” Ah, stubborn children,” declares the LORD,
“who carry out a plan, but not mine,
and who make an alliance, but not of my Spirit,
that they may add sin to sin;
who set out to go down to Egypt,
without asking for my direction,
to take refuge in the protection of Pharaoh
and to seek shelter in the shadow of Egypt! (Isaiah 30:1-5)
When the way you planned to run your day, or the way you planned to live your life is cut off or slowed down, the unbelief in God’s direction tempts you in two ways depending partly on your personality, partly on circumstances:
It tempts you to give up, bail out. If there’s going to be frustration and opposition and difficulty, then I’ll just forget it. I won’t keep this job, or take this challenge, rear this child, or stay in this marriage, or live this life. That’s one way the quest for speedy response pushes us. Give up.
You quickly make rash counter moves against the obstacles in your way. You become impetuous or hasty, impulsive or reckless. If you don’t turn your car around and go home, you rush into some ill-advised detour to try to beat the system.
When we start to doubt the wisdom of God’s timing or the goodness of his guidance and directions. It springs up in our hearts, especially when the road to success gets muddy or strewn with boulders or blocked by some fallen tree.
Before we look at Isaiah 30, I want you to see this relationship between the promises of God and his ability to direct the path of every believer in Proverbs 3:5. How did David survive the turbulent storms in his life?
“He trusted the Lord with all his heart, he waited 15 years after being anointed by Samuel to be king, he refused to lean on his own understanding or strength, he acknowledged the Lord in all his ways and the good Lord in return directed his path”.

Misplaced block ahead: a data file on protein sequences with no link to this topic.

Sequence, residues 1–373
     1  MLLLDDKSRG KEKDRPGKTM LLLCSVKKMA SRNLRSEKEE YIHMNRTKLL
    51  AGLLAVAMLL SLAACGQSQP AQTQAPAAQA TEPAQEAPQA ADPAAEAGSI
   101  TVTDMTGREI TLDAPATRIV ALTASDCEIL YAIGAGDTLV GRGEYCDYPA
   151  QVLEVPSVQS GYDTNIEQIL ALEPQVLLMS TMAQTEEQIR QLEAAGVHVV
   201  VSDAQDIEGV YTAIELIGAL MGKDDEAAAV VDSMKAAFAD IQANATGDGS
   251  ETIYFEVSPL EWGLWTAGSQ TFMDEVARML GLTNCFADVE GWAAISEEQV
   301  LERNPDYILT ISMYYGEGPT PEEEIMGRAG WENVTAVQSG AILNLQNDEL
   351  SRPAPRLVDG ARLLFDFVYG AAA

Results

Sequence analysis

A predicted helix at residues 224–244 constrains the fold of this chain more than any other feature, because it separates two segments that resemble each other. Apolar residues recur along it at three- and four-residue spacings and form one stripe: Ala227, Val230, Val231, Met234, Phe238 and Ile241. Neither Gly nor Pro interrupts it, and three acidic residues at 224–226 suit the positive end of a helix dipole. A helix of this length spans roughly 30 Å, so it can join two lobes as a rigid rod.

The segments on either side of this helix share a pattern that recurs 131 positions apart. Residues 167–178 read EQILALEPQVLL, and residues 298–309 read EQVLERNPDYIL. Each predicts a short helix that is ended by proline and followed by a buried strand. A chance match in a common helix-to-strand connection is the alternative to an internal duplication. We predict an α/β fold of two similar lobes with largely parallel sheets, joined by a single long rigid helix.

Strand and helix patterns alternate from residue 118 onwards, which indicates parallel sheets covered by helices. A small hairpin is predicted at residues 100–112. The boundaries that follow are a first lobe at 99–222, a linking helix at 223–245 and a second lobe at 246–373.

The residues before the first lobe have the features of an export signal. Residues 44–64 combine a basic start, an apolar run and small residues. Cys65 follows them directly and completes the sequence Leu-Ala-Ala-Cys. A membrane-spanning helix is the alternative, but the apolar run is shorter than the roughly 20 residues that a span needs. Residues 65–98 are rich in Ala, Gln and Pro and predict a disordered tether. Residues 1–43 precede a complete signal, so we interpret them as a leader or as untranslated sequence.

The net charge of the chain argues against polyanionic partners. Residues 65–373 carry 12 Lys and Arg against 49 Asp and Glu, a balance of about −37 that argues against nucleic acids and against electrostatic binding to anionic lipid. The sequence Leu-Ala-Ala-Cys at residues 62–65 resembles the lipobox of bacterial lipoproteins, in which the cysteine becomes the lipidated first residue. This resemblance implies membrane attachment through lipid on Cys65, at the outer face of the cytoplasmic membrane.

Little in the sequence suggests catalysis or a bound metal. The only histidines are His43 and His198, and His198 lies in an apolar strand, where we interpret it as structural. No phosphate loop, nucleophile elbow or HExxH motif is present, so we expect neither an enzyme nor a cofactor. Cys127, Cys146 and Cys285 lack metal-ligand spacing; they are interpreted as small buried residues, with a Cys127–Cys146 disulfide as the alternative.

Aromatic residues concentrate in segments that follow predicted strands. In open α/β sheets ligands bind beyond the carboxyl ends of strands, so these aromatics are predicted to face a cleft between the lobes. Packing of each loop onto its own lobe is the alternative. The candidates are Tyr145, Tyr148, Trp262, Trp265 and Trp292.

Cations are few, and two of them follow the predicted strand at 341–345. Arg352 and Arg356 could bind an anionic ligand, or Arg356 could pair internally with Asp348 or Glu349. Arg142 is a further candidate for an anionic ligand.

“Waiting for the Lord” is an Old Testament way of describing the opposite of impatience. Waiting for the Lord is the opposite of running ahead of the Lord and it’s the opposite of bailing out on the Lord. It’s staying at your appointed place while he says stay, or it’s going at his appointed pace while he says go. It’s not impetuous and it’s not despairing.
If you are tempted not to wait peacefully for God, to let him give you your next move—if you are tempted to give up on him or go ahead without him—please realise that this is a moment for great spiritual warfare. Take the sword of the Spirit, the Word of God (Ephesians 6:17), and wield some wonderful promise against the enemy of impatience.
“The steps of a righteous man are being ordered by the Lord….Psalm 37:23….It’s not your speed that gets you to your destination, it’s diligently following the Lord’s direction”.